Seeking control + new baby = A harsh dose of reality


I so badly wanted to have a natural birth (per my well written birth plan) followed by a blissful postpartum experience. It never occurred to me that this wouldn’t happen because I had approached pregnancy and motherhood like any other aspect of my life. 

I didn’t realize this at the time, but my past successes and achievements, thriving on always finding a way to be on top of my game, would work against me. There was a false sense of control that just because I had wanted it and prepared for it (natural child birth, successful breastfeeding, bonding time with baby, soothing the baby easily, predictable napping and eating schedules, etc.), I could achieve it, the same way I had studied for a test and got an ‘A’ or reduced my calories and lost weight. Having a baby hit me hard in the face with the realization that I had no control no matter how hard I worked.

In preparation for my natural childbirth, I took the Bradley method classes. Again, this was a false sense of control believing that I could prepare for the childbirth experience I wanted like so many other classes I had taken to achieve something I wanted in life.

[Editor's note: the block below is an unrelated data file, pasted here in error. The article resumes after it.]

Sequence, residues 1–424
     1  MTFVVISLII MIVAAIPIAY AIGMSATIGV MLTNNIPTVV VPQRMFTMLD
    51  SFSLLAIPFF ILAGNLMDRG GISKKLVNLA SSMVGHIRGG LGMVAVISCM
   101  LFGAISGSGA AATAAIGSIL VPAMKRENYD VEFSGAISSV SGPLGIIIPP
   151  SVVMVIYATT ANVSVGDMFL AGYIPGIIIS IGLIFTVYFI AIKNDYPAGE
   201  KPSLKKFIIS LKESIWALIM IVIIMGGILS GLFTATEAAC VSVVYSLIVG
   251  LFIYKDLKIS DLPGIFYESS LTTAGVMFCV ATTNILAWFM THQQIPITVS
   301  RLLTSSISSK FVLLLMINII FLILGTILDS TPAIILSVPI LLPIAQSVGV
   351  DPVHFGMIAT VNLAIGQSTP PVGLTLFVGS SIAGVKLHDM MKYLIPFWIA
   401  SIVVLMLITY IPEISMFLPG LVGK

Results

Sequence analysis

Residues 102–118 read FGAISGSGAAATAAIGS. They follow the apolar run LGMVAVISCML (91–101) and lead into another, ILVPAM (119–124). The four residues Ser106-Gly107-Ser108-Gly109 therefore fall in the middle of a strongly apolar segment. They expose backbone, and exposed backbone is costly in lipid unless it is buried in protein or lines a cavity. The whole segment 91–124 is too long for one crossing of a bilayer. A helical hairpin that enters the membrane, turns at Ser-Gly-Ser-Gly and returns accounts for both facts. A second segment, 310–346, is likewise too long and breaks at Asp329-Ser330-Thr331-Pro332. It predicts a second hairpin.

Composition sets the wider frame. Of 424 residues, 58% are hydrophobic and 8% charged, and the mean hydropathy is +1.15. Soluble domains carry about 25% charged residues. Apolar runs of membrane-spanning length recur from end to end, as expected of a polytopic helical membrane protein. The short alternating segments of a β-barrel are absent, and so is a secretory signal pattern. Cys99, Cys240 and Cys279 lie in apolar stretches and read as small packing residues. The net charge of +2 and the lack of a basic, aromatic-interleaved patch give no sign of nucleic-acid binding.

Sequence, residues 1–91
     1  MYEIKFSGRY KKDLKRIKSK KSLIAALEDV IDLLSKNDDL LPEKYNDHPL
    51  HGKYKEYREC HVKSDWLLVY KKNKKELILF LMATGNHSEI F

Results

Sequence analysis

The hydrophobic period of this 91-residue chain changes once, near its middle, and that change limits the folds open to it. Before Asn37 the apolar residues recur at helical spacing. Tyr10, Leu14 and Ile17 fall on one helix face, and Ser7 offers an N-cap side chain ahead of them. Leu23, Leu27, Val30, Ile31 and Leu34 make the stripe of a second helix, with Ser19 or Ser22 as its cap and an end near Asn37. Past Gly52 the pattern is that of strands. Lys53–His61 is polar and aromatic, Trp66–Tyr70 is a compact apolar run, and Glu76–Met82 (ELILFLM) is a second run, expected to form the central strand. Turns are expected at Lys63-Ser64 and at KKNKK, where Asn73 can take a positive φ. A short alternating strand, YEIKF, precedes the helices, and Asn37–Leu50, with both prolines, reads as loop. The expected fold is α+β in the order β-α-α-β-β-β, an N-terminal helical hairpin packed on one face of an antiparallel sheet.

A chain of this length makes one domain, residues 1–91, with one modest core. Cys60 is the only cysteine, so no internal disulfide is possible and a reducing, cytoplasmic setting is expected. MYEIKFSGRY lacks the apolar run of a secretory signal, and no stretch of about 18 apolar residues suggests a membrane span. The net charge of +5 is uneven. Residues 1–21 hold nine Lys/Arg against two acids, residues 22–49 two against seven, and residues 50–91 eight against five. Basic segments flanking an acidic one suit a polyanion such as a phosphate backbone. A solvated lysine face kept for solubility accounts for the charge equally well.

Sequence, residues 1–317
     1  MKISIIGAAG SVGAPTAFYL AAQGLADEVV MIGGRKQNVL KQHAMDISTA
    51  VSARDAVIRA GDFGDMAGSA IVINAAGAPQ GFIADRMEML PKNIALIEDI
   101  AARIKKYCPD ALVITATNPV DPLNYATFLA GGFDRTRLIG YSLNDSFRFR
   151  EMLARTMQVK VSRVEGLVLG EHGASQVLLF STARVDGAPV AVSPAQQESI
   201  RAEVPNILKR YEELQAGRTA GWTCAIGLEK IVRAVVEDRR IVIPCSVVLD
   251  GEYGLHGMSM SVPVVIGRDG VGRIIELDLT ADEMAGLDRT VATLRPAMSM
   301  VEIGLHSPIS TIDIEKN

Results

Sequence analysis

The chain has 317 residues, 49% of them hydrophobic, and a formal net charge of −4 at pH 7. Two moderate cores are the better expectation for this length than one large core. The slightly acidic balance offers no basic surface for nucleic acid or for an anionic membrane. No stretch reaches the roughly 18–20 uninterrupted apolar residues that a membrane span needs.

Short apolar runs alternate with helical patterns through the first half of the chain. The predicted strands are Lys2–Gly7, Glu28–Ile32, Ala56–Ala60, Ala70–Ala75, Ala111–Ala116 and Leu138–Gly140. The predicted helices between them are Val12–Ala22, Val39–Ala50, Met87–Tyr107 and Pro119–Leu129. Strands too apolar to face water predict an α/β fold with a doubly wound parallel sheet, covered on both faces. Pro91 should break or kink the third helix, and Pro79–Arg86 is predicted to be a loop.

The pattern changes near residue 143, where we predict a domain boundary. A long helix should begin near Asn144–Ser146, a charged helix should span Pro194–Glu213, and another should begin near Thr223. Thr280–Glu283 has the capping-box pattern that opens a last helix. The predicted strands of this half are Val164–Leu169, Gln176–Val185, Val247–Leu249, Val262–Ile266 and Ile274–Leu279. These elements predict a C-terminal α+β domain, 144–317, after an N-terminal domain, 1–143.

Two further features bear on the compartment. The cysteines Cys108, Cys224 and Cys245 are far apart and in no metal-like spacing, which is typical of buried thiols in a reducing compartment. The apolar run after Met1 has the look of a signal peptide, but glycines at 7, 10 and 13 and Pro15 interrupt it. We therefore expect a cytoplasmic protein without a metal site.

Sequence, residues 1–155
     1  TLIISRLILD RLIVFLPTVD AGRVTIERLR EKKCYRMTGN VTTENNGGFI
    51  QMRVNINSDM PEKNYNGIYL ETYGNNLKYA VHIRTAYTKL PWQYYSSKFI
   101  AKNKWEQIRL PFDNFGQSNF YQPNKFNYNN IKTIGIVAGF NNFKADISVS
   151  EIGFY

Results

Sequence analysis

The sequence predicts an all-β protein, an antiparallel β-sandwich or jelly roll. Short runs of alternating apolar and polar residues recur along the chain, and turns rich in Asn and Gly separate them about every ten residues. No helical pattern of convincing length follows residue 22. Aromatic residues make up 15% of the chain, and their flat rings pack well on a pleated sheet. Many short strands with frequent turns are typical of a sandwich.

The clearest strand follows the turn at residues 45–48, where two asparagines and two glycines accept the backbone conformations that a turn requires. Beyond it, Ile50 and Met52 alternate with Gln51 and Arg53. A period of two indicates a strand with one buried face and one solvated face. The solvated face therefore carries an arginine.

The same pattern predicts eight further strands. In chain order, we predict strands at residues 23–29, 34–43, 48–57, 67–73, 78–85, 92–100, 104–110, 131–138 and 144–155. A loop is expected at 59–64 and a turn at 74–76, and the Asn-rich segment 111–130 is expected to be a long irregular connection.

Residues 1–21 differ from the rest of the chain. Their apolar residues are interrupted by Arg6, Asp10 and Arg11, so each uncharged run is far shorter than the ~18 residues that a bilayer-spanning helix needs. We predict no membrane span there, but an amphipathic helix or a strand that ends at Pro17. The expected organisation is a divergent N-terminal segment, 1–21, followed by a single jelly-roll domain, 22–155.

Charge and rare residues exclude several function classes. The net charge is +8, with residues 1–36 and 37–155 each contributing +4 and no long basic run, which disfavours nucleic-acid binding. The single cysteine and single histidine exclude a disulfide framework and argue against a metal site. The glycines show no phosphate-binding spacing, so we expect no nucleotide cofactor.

The pregnancy continued to go well until I was diagnosed with cholestasis at 36 weeks and induction around 37 weeks was highly recommended. This was devastating to me. I was planning on a natural birth with no drugs. An induction was not part of this plan.

I remember the items on my birth plan being eliminated one by one, all the way down to the last item on my list when the doctor cut the umbilical cord which was around my daughter’s neck rather than having it pulsate for one minute as recommended by the Bradley Method. I’m not mad at the doctor for making that call to cut the umbilical cord I’m just disappointed that so many things went wrong. Having my childbirth experience go so differently was so sad for me.

I don’t fault myself or any mother for planning I just wish I had kept my sense of control in check and had more of a surrendering attitude. When I work with mothers that have had similar birth experiences I witness such disappointment and questioning what went wrong sometimes blaming themselves. I can relate to them so much.

I wish I had sought out help and support sooner to share about my birth story as well as the postpartum depression to follow.  Unfortunately, the messages we receive as new mothers say we should just be happy and grateful to have a healthy baby and a “Congratulations” is in order, but those kinds of messages just made me feel worse. I needed a safe place to talk about what I was really experiencing. I needed to know I was OK for feeling this way and that I wasn’t alone.